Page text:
Nasturtiums plants grow very full, with spots of brightly colored blossoms poking out of masses of foliage. Leaves are rounded, like a water lily. The flowers are an open funnel shape with a curious little claw or spur on the underside. They are most often seen in rich shades of yellow, orange, , pink, red and mahogany but there are also varieties in subdued shades of butter yellow and cream. The ‘Alaska’ Series and the climbing ‘Jewel of Africa’ have variegated leaves.
Nasturtiums are loved for their rich, saturated jewel-toned colors. They are fast and easy to grow and, in fact, do best with a little neglect. There are varieties for almost every gardening purpose: bushy plants for borders and edges, trailing plants for walls and containers and climbers to add dramatic height in a garden. The leaves and flowers are edible, with a peppery tang, and even the seed pods are used as a substitute for capers.
Varies with variety.
Bushy plants can get to about 12" H - 18" W.
Trailing types grow about 3-4' H.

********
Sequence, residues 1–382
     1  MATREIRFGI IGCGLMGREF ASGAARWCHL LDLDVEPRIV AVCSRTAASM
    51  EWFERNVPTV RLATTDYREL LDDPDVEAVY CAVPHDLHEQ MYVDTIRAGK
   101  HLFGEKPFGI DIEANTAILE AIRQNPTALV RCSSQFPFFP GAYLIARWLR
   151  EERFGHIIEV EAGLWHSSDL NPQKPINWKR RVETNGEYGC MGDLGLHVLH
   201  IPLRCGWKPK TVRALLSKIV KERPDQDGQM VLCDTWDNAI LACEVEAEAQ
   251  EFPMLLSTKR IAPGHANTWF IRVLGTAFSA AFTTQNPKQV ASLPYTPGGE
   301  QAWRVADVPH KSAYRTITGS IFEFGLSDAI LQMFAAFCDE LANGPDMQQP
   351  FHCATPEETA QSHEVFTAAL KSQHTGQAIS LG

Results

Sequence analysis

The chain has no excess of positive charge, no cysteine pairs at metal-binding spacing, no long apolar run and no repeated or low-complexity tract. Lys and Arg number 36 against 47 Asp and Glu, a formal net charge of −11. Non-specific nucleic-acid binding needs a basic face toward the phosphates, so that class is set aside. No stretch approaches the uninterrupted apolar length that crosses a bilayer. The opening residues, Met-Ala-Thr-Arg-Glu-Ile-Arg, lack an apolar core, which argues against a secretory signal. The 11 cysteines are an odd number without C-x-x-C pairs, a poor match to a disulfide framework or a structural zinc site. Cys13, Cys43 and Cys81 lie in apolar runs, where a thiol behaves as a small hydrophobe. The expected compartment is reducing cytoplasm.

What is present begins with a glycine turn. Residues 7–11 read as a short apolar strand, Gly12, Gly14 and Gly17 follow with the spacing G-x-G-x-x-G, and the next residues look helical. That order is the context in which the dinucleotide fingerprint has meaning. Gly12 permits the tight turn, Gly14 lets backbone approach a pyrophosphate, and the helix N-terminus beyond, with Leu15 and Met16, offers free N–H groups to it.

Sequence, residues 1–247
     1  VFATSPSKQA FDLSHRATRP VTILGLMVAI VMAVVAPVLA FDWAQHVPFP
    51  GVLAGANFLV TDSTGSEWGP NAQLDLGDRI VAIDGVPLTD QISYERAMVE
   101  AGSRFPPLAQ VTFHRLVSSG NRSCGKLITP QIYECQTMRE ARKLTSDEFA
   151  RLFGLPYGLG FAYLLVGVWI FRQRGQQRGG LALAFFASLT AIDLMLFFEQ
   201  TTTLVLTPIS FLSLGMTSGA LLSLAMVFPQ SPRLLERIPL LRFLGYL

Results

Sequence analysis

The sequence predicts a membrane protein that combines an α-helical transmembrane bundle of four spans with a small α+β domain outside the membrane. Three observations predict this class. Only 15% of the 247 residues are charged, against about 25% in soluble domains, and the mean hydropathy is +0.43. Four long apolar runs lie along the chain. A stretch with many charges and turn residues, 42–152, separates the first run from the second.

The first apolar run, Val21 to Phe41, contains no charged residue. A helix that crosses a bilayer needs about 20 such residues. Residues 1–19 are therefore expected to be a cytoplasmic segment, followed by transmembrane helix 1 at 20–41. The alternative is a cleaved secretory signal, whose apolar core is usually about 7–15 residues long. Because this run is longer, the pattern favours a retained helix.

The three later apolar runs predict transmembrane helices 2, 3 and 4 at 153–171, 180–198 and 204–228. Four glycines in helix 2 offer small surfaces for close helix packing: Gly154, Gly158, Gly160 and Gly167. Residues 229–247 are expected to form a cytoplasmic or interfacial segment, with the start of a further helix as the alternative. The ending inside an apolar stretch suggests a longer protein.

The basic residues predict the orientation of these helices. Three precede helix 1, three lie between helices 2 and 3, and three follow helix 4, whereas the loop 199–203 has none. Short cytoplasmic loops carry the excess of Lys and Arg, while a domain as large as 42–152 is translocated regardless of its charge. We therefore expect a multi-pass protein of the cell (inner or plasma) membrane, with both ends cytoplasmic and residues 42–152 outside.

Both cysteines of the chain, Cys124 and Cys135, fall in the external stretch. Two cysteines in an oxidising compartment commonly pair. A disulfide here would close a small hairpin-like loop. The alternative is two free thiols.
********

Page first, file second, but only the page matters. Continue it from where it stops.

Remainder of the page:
Climbers can get to 10'+ H.
Early summer through fall in cooler climates.
Fall through spring in milder climates.
Choose a site with full sun and good drainage.
Sow Nasturtium seeds once the weather warms up, either in early spring or early summer depending on your location. Sow the seeds about 10 to 15 inches apart, and about 1 inch deep. Water immediately after planting. Then do not water for another 10 days. If you choose a climbing variety, make sure to provide a support for the plant and train it as it grows.
Picking the flowers will make the plant bloom for a longer period of time, so pick away! The plant will bloom from early spring into the late autumn. Best of all, these annuals will reseed themselves. Water weekly, but do not feed the plant any fertilizer.
Choosing a Variety
Again, the variety is a matter of personal preference, as all the varieties of this species grow in the same conditions. If you like a bushy breed, you may want to look into the Alaska Series. These small, bushy plants have bright jewel-colored flowers that hold their necks above the foliage to avoid getting lost. If you are growing in a flowerbox, you may prefer Peach Melba, which will trail down over the box. A popular vine variety is Canary Creeper, which produces feathery, yellow blooms.
These flowers go from seed to bloom very quickly. They're also great for kids who are just starting to garden: the taste of success could encourage a child into a life of gardening.
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